The Good Shepherd (2006)

I went to a lot of movies this weekend. Well, three, but three is kind of a lot, I think. One was Children of Men again, and I liked it every bit as much the second time. Another was The Hitcher, which I’ll discuss later. The first one, though, was The Good Shepherd, Robert De Niro’s largely failed Oscar-bait story of the founding of the CIA. I’ve been busy with things as well as stuff, but I also have been trying to let the film marinate in my brain juices so I could figure out what to say about it. It’s three and a half days later, and I’m still really not there yet.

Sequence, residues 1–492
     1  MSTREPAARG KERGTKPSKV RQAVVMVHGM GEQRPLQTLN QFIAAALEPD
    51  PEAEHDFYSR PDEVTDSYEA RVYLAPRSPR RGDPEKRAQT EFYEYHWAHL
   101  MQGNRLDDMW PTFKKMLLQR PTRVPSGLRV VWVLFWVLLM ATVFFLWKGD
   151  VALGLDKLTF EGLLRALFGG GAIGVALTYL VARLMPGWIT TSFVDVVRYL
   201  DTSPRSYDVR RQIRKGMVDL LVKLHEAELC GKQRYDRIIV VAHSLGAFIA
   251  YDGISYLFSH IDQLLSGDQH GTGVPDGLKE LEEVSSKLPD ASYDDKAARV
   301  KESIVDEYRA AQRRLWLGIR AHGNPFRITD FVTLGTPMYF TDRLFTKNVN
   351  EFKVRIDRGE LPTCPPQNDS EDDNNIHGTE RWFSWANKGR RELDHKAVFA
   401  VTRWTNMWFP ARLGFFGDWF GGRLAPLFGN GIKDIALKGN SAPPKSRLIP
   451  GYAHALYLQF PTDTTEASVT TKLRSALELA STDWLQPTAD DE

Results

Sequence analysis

Was the acting good? Yes. Did I like it? I did. Am I trying to fill up an entire paragraph with a Rumsfeld impersonation? I’m pretty sure he was never in the CIA, so that wouldn’t fit the theme; therefore, I will lie and say no. Was the movie too long? Maybe, but it’s a pretty dense subject. I think it comes down to whether you’re extremely interested in that subject, or to whether you care about CIA guy Edward Wilson’s experiences and the effect his devotion to the job had on his family, and the effect his family had on his devotion to the job. Because there’s a really good character study on the question of where cause ends and effect begins hidden in that script, behind layers of Bays of Pigs and deaf girls inexplicably going out for nights at the opera and in-depth studies of Skull and Bones, “the most secret society in America”. For the record, it does a much better job of portraying the character study than of exploring the early CIA, so if you’re after the latter, it probably is too long, after all.

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